The 1893 Chicago World’s Fair and American Indian Agency

February 11, 2015

By Emily Sanders

The longstanding struggle for economic self-sufficiency in the wake of territorial dispossession has remained one of the most difficult for American Indians as they pursue cultural survival. Yet, as Dr. David Beck, a Ph.D from the University of Montana emphasized in his recent presentation at Harvard University, historical and anthropological scholarship has too often glossed over the tactical successes of American Indians, both in bolstering tribal economies and by participating in global market trends. Beck’s upcoming book, focusing on American Indian labor in the 1893 Chicago World’s Fair, intends to unravel our misconceptions of Native Americans solely as victims in a post-colonial world. His research stages American Indian involvement in the World’s Exposition as part of a legacy of resourcefulness rather than another story of exploitation: a strategic opportunity for tribal leaders to reimagine and determine their own future.

Beck acknowledges that, considering the recent Battle at Wounded Knee in 1890, the pinnacle of transcontinental expansion driven by forceful native displacement, and expanding policies of forced assimilation, it is no surprise that Indigenous peoples were not often exhibited at the World’s Fair according to their own motivations. Many cultivators of Indian displays sought to cast natives as a benchmark of primitiveness by which to contrast civilization, wildly misrepresenting and ignoring their modern realities. Various tribes were portrayed, both in live reenactments of conquest and as models in glass cases, as spectacles of savagery declared “the least civilized people of the world.” Students of Indian schools were flaunted as marks of successful progress toward the “civilization” and assimilation of Native Americans. Archeologists and anthropologists desiring to prove their disciplines as science brought Indians to the Fair as representations of archaic life. Many tribes, however, were acutely aware that their potential futures were being disregarded and distracted from, and violations of their rights justified by these displays of their cultures as if they were archaic and deceased. Most, in fact, were quite familiar with the scene surrounding them, and found the World’s Fair just the place to cement sovereign identities—both cultural and economic.

“People began very quickly to understand the value of what they were selling,” says Beck, in reference to both their materials and representations. “They understood the market economy better than they have been given credit for doing.” This knowledge, in part, came after Native Americans began to establish commodity trades within tribal economies—such commodities were highly desirable in American culture, and thus became central to a wider market economy. Natives began to make and sell materials to collectors building archeological exhibits and even sold Indigenous wisdom. Both Captain Cornelius Cusicle, a Sachem of the Tuscarora tribe, and George Hunt, a Kwakwaka’wakw woodcarver who derived social status from his esteemed potlatches, were hired to collect and oversee Indigenous families at the Fair. Some tribes even took their business off the fairgrounds in order to work in better conditions and make a higher profit. Pine Ridge employees of Buffalo Bill participated in a Wild West show, making $10-70 a month across the street from the fair. The Inuit people—or “Esquimaux Village,” as they were called—set up their own village outside fairgrounds and won a lawsuit against their previous exposition for unfair labor treatment. Navajo weavers made $25 a month for their crafts, and most Indians were able to participate in typical activities at the fair during their leisure time.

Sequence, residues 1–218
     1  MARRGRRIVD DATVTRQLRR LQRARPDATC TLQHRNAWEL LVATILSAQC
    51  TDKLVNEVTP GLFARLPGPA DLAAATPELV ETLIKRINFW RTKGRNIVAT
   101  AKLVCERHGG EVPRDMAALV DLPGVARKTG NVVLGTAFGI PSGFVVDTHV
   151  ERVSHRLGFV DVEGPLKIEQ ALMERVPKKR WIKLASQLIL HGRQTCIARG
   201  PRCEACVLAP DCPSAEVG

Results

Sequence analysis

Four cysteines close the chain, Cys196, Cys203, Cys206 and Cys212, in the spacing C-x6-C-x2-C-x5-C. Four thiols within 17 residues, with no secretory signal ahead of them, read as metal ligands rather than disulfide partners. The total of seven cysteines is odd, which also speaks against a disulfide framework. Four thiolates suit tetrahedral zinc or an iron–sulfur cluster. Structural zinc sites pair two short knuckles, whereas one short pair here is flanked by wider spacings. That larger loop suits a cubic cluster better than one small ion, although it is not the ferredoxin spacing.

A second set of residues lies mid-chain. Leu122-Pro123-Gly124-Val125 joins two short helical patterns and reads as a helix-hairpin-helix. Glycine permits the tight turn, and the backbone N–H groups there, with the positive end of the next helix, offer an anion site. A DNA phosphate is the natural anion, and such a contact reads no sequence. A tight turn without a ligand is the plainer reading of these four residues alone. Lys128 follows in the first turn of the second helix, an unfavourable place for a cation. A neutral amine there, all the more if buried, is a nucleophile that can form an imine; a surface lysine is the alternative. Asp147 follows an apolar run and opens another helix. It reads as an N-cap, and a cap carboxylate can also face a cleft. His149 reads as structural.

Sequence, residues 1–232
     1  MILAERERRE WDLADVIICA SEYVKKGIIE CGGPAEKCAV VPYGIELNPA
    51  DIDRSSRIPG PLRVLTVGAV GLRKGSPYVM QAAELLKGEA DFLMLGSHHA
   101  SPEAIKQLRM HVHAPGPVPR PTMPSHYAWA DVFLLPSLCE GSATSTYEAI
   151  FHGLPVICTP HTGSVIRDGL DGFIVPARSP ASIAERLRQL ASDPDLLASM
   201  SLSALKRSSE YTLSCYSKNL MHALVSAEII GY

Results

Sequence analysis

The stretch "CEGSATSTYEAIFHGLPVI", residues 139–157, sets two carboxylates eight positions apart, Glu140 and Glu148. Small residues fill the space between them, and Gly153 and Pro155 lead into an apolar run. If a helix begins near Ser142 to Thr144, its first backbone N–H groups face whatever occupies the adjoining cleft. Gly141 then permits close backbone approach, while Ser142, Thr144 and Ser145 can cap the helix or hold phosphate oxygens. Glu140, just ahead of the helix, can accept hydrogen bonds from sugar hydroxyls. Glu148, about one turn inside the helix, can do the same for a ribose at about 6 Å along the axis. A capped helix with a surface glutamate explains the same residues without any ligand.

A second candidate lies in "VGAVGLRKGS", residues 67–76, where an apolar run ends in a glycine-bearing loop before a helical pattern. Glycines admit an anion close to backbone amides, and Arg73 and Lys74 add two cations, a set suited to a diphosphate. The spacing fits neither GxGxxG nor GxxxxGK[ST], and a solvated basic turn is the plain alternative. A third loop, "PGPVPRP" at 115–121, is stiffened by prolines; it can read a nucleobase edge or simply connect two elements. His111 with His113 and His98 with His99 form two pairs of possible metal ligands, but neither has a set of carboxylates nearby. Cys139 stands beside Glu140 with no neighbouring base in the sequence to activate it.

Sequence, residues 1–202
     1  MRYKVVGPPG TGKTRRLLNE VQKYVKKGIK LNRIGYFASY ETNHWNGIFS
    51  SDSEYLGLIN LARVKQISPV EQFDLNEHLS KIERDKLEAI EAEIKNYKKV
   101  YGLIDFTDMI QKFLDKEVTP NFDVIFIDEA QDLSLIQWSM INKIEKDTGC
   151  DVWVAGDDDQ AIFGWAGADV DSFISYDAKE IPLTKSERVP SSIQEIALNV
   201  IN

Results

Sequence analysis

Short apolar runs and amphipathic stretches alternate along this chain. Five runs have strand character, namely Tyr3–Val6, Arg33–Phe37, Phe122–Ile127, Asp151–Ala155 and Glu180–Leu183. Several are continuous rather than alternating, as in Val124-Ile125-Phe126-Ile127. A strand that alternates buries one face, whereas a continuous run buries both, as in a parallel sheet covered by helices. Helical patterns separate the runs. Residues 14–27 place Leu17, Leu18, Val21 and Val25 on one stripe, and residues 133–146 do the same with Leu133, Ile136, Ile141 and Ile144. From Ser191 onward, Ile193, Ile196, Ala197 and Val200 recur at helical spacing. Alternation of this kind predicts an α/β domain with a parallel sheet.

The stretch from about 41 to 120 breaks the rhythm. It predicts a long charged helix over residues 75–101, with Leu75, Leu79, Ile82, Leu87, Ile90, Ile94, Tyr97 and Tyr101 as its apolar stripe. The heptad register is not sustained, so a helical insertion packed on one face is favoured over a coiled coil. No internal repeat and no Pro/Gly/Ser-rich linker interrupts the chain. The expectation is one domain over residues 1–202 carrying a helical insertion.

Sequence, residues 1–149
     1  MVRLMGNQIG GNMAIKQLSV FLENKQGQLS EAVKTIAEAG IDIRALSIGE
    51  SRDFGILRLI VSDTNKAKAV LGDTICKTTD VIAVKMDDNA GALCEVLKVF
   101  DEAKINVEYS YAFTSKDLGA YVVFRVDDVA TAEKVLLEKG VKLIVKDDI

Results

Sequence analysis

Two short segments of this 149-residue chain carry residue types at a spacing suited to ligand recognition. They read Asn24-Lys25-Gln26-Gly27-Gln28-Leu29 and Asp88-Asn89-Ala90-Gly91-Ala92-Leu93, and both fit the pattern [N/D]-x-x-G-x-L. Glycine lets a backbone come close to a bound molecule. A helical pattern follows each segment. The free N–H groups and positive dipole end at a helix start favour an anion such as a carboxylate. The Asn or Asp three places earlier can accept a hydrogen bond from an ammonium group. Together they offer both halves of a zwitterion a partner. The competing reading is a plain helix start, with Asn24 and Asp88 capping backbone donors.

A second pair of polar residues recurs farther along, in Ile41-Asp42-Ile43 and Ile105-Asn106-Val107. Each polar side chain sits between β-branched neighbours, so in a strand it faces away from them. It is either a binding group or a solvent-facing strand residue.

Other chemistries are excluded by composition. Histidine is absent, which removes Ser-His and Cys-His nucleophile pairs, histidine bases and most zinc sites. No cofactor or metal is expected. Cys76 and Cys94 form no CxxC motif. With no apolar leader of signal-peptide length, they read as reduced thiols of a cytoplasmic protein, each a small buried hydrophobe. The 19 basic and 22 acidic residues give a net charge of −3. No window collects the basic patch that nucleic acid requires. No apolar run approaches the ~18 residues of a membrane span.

Native Americans also used the World’s Fair as an opportunity to push back against inauthentic portrayals and to represent themselves. Simon Pokagon recited his speech at the Exposition entitled Red Man’s Greeting, condemning the malicious treatment and wrongful perceptions of American Indians. Pokagon later formed a relationship with the mayor of Chicago, who helped him to lobby in Washington D.C. for compensation of misappropriated lands. Some, like Iroquois Emma Reeves, took on a malleable public image, willingly reenacting the desired representations of Indigenous peoples for their own economic gain. The Fair became an unlikely seat for the preservation of cultural knowledge as well, says Beck. “Elders sometimes decided to transfer knowledge to museums because they thought that knowledge within the community was disappearing quickly, and they needed that knowledge to remain for their grandchildren to see, and learn from.”

Against all odds, Indian participants in the Chicago Worlds Fair manipulated what was intended as a denial of their distinct presence in the modern world into an opportunity to exercise their agency and further cultural goals. Even still, Beck notes “the study of American Indians has been restricted for a long time within the fields of anthropology and history, with very few economists looking at what they have done.” Beck leaves us with the hope that rising acknowledgment of the roles Indigenous peoples created for themselves throughout history, their capabilities for self-determination, and their enduring presence in the world economy should inspire this sort of scholarship.